I don’t know if  it was the poetic justice of seeing mans arrogance destroyed by man in the wreckage still left from WW2. The empty half built structures; resemblance to dystopian fiction of my formative years. My love of nature rejoicing in earth reconquering ground it once lost or some other cause giving me the possibly perverse pleasure from seeing a metro diseased and ending. Regardless the city offered me plenty of vistas to my particular interest along the river and I found myself quite happy wandering towards the museum.

I knew nothing of the movement, hell I didn’t even realize Poland had still been Soviet in the 80’s so I was going in with little organic interest. The building when we got there was made in the brutalism style(I learned that word today) and looked like it was falling apart. This was both good and bad. Good in that I liked looking at it but bad in that it hinted at a poorly maintained exhibit. I was pleasantly surprised to find it was the opposite.

The museum doubles as a research center, library, memorial, and meeting place for discussing political movements. Inside was quite modern looking and what was really cool was they had turned alot of the open areas into gardens, and were even growing vines up the wall. Really neat design that blew me away as soon as I walked in. It didn’t continue to impress at the level right away. The first two rooms were somewhat interesting providing some nice context to the revolution and movement I had no idea of. But it wasn’t till near the end that I really found myself being drawn in. There were a number of exhibits on the art, music, and humor of the movement and I was able to really begin to relate to the people. I know it’s shallow but surprisingly being born a rich white male in a prosperous New England town make it hard to relate to the suffering of people willing to put their lives on the line in order to get wages enough to eat. But music, art, humor, that’s all something we all share and with it I was finally able to get some idea of the feeling. Obviously not the true level of suffering but it began to click.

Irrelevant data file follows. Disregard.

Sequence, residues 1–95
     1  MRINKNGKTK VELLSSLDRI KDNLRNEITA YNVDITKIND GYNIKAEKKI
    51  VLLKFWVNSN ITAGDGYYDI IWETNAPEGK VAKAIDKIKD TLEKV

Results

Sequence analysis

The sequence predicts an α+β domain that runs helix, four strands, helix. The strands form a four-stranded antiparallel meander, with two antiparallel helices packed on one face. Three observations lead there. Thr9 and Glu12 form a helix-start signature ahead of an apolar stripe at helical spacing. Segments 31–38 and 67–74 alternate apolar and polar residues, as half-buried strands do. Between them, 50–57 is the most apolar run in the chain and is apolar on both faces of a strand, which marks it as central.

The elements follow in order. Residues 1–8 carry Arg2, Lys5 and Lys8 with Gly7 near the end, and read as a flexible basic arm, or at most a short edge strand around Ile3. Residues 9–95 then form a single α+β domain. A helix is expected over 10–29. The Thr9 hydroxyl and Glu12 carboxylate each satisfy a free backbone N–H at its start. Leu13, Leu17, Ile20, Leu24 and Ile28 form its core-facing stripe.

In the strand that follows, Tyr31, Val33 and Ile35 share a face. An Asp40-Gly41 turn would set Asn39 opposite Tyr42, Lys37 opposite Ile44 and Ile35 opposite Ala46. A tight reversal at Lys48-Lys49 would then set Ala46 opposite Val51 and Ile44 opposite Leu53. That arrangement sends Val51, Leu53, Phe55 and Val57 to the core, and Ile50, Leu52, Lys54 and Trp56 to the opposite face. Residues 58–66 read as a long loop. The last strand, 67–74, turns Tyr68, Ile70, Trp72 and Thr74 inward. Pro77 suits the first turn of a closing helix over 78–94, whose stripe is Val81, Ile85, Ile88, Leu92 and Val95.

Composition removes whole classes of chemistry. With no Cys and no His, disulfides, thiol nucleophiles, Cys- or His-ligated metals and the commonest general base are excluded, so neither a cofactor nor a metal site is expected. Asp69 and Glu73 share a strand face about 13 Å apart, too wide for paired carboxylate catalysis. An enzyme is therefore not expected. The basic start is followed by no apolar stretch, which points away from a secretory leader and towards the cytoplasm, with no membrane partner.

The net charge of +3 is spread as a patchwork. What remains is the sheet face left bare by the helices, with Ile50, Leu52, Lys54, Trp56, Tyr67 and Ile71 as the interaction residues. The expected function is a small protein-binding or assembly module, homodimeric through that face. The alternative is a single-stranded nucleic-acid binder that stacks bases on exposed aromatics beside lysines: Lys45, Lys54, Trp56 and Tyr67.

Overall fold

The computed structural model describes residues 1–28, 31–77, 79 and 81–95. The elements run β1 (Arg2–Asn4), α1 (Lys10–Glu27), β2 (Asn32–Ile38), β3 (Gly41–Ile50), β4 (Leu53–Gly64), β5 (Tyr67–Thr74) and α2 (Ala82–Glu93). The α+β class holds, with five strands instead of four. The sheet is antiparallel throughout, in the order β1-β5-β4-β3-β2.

Unfortunately we ran out of time and head to get some of our companions back to make a train. On the way back I began to find even the more traditionally enjoyable things inspiring. As I walked by the a canal I got an inspiration for a town to use in the RPG I’m running that has created canals as highways. Not Venice per-se because it won’t be a port on an ocean, but a city that is built around 6 major rivers that meet up and flow off to different locations. An internal transportation hub.

Later I passed a statue of two giants. I don’t know much about art movements, but I think it was in the cubism style. It was all hard angles and shining metal. There was a man sitting on the ground and his arm and chest were crumbling apart. There was a woman above him looking like she was merging with a ship. I have no idea what it was or what it represented, but for once, I actually care. Also I don’t know how but I guarantee that’s going to spawn some cool monsters, races, cultures, and spells for world building in the future.

I don’t know that this trip has turned me around on tourism. I still wanted to get off the street and go write rather than see more after dinner. But I do think I’ve now found a few ways to make it more enjoyable and embrace the experience. Yay finding more joy in the world